What would you do if a 6,000-pound angry bull elephant charged your canoe?
If you’re National Geographic Explorer-in-Residence Beverly Joubert, you hunker down and keep shooting. Along with husband, Dereck, the Jouberts are among the world’s most famous wildlife photographers. Their film and photo honors include Emmys, a Peabody and the prestigious World Ecology Award.
“Our philosophy is to be as invisible as possible—we don’t want to interact with the wildlife at all,” says Beverly.
Though they’ve focused much of their work on intimately documenting the secret lives of big cats, like lions and jaguars, the intelligent and sensitive elephant has always been an animal close to their hearts.
The Jouberts have long used canoes to get up-close with elephants. Over the course of several seasons they took a series of river trips by canoe through the Selinda Reserve in northern Botswana, the seasonal home to more than 7,000 elephants, to film the award-winning PBS documentary, Soul of the Elephant, released last October. “Elephants are not used to seeing man in a canoe—we try to remain invisible, but if they did spot us often they didn’t know what we were,” says Beverly. “With canoeing there is no mechanical sounds or metal grinding, we just became part of the river.”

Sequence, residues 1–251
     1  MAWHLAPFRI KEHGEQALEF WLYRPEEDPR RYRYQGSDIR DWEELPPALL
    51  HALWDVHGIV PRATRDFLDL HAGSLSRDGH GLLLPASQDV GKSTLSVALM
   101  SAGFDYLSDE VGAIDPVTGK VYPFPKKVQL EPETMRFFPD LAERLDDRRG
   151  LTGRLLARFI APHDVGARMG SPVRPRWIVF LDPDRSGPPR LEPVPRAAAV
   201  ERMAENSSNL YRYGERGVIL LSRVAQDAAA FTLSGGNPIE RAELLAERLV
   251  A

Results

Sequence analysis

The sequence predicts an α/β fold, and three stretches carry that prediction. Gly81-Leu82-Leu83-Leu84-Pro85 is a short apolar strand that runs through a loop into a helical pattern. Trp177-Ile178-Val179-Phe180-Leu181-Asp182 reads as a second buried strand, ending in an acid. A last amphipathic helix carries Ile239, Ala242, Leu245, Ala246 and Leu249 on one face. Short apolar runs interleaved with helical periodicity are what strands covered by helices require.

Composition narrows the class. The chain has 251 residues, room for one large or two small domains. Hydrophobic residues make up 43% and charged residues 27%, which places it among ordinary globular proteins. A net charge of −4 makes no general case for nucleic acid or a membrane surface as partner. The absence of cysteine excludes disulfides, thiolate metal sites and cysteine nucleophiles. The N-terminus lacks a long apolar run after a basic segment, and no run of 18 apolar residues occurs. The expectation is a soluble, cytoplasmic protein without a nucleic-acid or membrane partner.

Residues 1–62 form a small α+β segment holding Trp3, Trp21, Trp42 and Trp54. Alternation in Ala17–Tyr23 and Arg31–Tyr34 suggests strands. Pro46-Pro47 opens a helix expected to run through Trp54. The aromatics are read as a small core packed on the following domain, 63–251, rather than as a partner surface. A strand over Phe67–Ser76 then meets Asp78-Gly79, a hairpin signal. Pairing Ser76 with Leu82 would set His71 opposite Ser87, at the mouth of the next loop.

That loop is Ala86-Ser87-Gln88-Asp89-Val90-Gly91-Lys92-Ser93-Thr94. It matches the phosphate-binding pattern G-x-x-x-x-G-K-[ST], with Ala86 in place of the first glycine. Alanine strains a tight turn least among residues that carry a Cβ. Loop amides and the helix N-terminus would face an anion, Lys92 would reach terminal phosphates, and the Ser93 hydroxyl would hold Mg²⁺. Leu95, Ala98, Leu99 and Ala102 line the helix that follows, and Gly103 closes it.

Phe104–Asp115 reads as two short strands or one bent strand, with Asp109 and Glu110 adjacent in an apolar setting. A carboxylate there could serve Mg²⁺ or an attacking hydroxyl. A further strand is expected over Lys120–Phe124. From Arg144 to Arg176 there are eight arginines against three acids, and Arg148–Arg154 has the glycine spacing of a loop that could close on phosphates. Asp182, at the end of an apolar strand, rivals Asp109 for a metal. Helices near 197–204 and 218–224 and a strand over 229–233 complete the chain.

Despite trying to keep a distance, occasionally the couple gets too close. During filming Soul of the Elephant, the husband-and-wife team were charged while working from their canoe. While Dereck filmed the bluff charges, Beverly recorded the angry elephant’s terrifyingly close trumpeting and snorts.
After the elephant left, the Jouberts discovered what they believe had agitated him further downstream: butchered elephant bodies, cut up to remove the ivory.
Elephants have rich emotional lives, and are known to grieve for the dead and help each other when in distress, says Dereck during the film.
Not all encounters are so intense however. In the photo above, shot in the early 2000’s, a curious elephant approaches...